Strong safety Trenton Robinson, getting his first opportunity to start after bouncing around from San Francisco to Philly to Washington, has the Redskins' other pick as well as 46 tackles and a quarterback pressure. The Redskins have been getting a lot of their tackles from the back end of the defense, as free safety Dashon Goldson leads the team with 53 stops and Robinson ranks third. (Washington uses coaches' film review for the statistics in its publications.)
Keenan Robinson plays the MIKE linebacker position in the middle of Washington's defense, and when the scheme is working well, he racks up tackles by filling the small gaps left after Knighton and his fellow men up front occupy multiple blockers. Robinson is second on the team with 52 tackles and has also recovered a fumble recovery.
In addition to being strong on third downs, Washington's defense has been among the league's best in another crucial area: the red zone. Redskin opponents have scored touchdowns on exactly half of their incursions inside the 20, tying Washington for ninth in the NFL. The Redskins are allowing their foes to run successful plays just 39.5% of the time in the red zone, seventh-best in the league. Once teams get inside the 30-yard line against the Redskins, they average just 2.69 yards per play, placing Washington second in the league in that category. If a good number of drives are ending poorly for Washington opponents, those offenses have also had trouble getting started. The Redskins have yet to allow any points on their opponents' first possession of a game this year.
If there's one area in which Washington has thoroughly dominated its opponents this year, it's kickoff returns.
The Redskins signed Rashad Ross to their practice squad midway through last season and re-signed him to a futures contract for 2015 when the season ended, and those moves are paying dividends now. Ross has 13 kickoff returns in five games – a high number in an era in which touchbacks are more common than ever – and he's averaging 27.1 yards per try. That includes a 101-yard touchdown return against the Giants in Week Two. Meanwhile, opposing kick returners are getting just 16.2 yards per runback, with none longer than 29 yards. With Ross's help, the Redskins are second in the NFL with an average kickoff drive start of the 23.8-yard line.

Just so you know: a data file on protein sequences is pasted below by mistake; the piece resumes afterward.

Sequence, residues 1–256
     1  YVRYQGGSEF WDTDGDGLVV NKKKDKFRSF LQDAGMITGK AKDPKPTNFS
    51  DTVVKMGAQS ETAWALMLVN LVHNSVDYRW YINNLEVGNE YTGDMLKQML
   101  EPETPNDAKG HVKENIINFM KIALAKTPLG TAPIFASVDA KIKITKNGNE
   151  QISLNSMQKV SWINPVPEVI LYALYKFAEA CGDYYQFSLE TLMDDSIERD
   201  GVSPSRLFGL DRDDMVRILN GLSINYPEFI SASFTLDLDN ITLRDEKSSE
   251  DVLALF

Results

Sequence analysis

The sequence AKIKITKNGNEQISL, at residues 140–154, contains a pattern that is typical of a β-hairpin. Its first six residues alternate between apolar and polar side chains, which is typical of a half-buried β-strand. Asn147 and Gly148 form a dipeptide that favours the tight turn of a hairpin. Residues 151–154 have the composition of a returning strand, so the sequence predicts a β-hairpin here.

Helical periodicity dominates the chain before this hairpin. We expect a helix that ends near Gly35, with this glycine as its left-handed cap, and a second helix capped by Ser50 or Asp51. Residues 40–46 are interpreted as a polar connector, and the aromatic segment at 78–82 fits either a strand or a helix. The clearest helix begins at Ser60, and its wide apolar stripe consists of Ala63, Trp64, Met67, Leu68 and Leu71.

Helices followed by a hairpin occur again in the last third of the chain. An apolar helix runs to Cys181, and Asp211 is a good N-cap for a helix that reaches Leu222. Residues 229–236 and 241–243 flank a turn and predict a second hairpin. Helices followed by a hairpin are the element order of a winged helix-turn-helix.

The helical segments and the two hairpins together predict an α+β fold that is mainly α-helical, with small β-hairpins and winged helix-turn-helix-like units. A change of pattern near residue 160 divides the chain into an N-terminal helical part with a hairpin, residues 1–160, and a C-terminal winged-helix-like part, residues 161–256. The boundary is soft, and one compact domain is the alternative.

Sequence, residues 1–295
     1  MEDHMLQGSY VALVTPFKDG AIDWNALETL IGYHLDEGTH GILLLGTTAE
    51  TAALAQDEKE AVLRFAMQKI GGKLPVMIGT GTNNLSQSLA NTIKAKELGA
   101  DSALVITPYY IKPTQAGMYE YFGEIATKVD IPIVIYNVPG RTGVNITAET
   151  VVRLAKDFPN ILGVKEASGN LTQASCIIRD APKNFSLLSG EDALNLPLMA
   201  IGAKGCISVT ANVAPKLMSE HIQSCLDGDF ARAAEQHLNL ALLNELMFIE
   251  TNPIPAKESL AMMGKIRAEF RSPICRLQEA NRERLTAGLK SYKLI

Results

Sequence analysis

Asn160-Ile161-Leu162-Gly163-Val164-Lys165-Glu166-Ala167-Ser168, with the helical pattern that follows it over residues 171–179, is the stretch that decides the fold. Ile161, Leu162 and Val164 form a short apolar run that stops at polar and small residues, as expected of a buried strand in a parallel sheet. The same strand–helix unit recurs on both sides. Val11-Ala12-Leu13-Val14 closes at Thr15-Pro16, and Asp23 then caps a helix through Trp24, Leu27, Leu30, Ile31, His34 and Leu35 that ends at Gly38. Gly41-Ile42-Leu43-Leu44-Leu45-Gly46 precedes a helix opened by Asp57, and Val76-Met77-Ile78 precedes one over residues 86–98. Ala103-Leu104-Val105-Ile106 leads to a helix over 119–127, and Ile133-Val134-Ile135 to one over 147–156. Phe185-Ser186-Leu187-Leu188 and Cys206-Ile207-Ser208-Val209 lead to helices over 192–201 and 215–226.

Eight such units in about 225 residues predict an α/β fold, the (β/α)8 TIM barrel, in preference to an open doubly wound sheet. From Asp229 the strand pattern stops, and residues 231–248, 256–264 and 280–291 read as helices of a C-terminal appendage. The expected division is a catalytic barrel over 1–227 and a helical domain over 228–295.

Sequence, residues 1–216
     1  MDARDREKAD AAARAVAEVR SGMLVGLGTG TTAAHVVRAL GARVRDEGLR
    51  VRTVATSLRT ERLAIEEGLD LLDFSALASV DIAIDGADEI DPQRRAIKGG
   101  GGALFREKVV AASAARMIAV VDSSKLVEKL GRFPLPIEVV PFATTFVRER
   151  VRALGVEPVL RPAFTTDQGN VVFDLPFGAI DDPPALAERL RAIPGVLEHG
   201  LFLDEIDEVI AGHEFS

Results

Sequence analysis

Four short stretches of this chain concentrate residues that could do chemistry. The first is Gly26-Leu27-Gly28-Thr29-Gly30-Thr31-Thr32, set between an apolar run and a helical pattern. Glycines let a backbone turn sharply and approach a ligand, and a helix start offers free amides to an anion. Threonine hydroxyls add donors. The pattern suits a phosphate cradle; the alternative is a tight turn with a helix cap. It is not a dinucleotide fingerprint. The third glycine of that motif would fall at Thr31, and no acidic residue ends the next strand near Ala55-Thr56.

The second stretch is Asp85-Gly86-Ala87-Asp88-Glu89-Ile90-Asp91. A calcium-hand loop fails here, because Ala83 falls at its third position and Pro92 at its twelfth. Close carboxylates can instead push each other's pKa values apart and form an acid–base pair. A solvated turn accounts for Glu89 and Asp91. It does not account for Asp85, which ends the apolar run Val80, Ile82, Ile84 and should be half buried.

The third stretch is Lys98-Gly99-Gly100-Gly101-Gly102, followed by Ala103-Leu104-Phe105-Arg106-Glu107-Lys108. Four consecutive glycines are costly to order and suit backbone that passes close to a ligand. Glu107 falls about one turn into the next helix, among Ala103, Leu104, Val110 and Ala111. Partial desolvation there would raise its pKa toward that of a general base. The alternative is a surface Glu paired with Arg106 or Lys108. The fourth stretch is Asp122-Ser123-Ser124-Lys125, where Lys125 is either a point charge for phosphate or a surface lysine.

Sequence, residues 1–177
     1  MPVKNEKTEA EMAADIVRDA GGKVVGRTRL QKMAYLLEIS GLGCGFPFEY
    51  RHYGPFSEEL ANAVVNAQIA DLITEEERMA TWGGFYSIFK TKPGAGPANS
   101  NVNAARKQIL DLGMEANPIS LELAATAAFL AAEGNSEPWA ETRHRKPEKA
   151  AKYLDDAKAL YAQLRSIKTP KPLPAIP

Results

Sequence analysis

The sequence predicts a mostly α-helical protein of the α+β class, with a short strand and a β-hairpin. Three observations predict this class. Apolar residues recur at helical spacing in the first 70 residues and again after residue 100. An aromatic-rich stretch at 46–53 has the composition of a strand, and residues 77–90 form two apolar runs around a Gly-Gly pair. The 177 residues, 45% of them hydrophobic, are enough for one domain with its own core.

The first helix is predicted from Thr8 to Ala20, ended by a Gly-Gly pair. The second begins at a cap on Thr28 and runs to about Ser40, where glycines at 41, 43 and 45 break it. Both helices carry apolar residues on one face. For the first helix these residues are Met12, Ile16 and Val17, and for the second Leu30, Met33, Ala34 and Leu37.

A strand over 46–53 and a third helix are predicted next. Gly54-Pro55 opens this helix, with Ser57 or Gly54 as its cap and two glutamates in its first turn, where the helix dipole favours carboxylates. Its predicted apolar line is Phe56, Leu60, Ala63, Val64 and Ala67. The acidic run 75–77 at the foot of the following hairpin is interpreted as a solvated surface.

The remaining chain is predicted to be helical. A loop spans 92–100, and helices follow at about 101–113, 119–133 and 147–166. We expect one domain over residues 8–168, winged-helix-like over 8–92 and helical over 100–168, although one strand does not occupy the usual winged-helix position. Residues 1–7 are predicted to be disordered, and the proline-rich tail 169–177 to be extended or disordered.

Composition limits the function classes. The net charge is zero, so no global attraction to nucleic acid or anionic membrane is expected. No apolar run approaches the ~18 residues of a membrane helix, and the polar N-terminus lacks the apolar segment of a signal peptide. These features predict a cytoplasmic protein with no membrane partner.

The Redskins appeared to have another big special teams weapon heading into the 2015 season in punter Tress Way, who led the NFL with a 47.5-yard gross average last year and finished 10th with a 40.0-yard net average. Way was a revelation after arriving as a waiver claim late in the preseason and needing only 10 days to beat out the two other punters in camp. For some reason, his numbers are down in 2015, however, as he ranks 23rd in the NFL with a 44.6-yard gross and 29th with a 34.1-yard net. Way's big numbers over the course of an entire 2014 campaign suggest he can still be a major factor in the field position game.
Washington started the season with Kai Forbath, their placekicker of the past three seasons, still holding down that role. However, after one game, the team released Forbath and signed former Saint Dustin Hopkins, who has justified that decision with nearly flawless kicking. Hopkins is 10 of 11 on field goal tries and has not missed in nine extra point tries from the new and more difficult line of scrimmage. His only miss so far was a 53-yard field goal attempt in Atlanta, but since that attempt he has subsequently made field goals from 52 and 54 yards. Hopkins also ranks fourth in the NFL in touchback percentage, preventing returns on 18 of his 22 boots so far (81.8%).